Chinese Aids group complains of suppression

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October 19 2006

Chinese authorities have banned a student-led Aids education group in the western region of Xinjiang and subjected its volunteer workers to police harassment, says the group’s leader.

The suppression of Snow Lotus, one of Xinjiang’s best known non-governmental organisations working on Aids, appears to have been ordered by government officials angry at the group’s role in publicising discrimination against people infected with Hepatitis B.

The banning highlights the difficult relationship between NGOs and China’s Communist authorities even in the Aids sector, where Beijing has accepted that non-state groups can play a vital role in limiting the spread of the disease.

Snow Lotus was recently awarded a grant by the Global Fund to Fight Aids, Tuberculosis and Malaria to help its work educating young people, homosexuals and intravenous drug users on how to avoid HIV infection. However, Chang Kun, Snow Lotus co-ordinator, said police began harassing and interrogating members after the group drew national attention to the plight of 19 Hepatitis B-infected children recently expelled from a local school.

The pupils’ expulsion exposed Xinjiang authorities to widespread criticism since it appears to violate a government ban on discrimination against people infected with Hepatitis B. On Wednesday, the region’s Nongovernmental Organisation Administration issued a formal notice banning Snow Lotus, saying it was not legally registered, according to a copy of the order seen by the FT.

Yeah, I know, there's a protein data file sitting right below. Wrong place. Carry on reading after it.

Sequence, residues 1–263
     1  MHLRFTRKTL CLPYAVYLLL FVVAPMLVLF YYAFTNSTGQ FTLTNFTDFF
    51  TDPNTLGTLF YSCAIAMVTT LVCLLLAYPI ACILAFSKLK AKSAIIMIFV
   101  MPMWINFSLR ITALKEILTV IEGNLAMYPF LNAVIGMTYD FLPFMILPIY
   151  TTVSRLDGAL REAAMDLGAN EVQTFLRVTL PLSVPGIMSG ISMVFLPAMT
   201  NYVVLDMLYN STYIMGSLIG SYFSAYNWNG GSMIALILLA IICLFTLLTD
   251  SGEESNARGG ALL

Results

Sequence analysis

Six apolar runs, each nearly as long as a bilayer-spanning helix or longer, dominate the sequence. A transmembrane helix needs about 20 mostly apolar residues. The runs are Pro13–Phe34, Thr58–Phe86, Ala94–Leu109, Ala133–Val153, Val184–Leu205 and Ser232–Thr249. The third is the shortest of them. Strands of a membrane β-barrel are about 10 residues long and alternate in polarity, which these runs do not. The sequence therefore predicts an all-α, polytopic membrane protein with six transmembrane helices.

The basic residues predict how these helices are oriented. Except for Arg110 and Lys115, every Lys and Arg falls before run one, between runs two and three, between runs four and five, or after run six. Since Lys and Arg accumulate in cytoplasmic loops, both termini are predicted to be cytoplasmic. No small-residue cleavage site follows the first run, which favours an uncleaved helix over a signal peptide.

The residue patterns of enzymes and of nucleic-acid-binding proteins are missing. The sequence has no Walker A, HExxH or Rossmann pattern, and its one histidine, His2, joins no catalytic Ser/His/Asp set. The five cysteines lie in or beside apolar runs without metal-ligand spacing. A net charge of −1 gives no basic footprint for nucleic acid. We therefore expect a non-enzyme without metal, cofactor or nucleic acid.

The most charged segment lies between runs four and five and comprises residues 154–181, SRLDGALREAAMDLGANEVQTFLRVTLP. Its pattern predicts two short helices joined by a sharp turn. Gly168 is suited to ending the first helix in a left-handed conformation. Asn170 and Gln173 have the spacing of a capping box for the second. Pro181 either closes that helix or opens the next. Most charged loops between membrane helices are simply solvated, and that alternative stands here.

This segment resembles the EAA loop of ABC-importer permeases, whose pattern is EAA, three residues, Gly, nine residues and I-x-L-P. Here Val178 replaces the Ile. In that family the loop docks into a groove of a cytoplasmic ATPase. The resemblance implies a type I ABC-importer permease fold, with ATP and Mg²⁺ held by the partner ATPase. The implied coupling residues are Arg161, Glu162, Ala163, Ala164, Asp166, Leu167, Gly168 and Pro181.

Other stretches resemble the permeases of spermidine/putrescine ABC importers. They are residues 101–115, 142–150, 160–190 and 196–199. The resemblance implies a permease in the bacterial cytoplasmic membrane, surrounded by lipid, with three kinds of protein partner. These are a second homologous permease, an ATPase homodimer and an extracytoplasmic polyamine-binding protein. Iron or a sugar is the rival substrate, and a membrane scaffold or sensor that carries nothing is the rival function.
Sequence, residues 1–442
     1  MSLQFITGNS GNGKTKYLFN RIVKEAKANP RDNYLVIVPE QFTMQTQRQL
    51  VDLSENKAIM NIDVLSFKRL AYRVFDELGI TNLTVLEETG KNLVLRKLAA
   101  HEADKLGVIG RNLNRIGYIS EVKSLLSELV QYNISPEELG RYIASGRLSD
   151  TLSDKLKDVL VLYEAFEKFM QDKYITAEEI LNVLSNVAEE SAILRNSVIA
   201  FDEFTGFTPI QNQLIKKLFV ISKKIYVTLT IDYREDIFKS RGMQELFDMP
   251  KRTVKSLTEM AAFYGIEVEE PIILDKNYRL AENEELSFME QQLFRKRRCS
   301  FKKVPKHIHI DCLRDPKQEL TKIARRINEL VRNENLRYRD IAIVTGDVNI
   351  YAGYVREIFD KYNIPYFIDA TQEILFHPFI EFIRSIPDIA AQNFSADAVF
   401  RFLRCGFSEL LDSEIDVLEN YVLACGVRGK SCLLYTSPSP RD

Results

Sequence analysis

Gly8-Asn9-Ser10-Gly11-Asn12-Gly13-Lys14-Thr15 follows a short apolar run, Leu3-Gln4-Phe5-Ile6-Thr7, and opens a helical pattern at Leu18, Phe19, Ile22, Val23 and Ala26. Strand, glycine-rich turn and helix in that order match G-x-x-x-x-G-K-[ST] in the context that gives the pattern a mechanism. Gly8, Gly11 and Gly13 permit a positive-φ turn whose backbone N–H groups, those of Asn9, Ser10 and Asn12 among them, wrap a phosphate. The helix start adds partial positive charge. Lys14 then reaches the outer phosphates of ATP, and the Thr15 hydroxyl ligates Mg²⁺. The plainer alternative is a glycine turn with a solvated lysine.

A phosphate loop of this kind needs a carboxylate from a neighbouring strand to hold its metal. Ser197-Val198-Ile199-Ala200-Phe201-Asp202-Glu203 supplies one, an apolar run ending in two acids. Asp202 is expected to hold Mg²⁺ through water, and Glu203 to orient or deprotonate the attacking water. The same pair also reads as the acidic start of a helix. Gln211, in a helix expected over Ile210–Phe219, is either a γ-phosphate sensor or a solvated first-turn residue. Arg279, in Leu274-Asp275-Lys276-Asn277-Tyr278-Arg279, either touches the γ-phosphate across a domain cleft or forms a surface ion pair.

“The Aids problem in China is very severe and we in this group of unpaid volunteers have been willing to put ourselves at risk to work on?the issue,”?said?Mr Chang, a 21-year-old law student at Xinjiang Normal University. “[The ban] is a very great injury to us, and is certainly a loss to Aids work in China,” he said.

Mr Chang said he had been interrogated by police for seven hours and his computer and personal files had been seized. Police in the Xinjiang capital of Urumqi and the Nongovernmental Organisation Administration declined to comment.

NGOs operate in a difficult regulatory environment in China. Activists say that registration procedures remain onerous and have largely been frozen by officials concerned about the development of “civil society” groups that might some day challenge the Communist party’s monopoly on power.

Aids NGOs have been given greater freedom to operate, after pressure from international organisations and a growing awareness in the government that they can reach out much more effectively to vulnerable groups.

However, Aids groups say that they remain subject to harassment and interference, and mutual suspicions prompted a bitter dispute in April over elections of non-governmental and patients’ representatives to the China board of the Global Fund.



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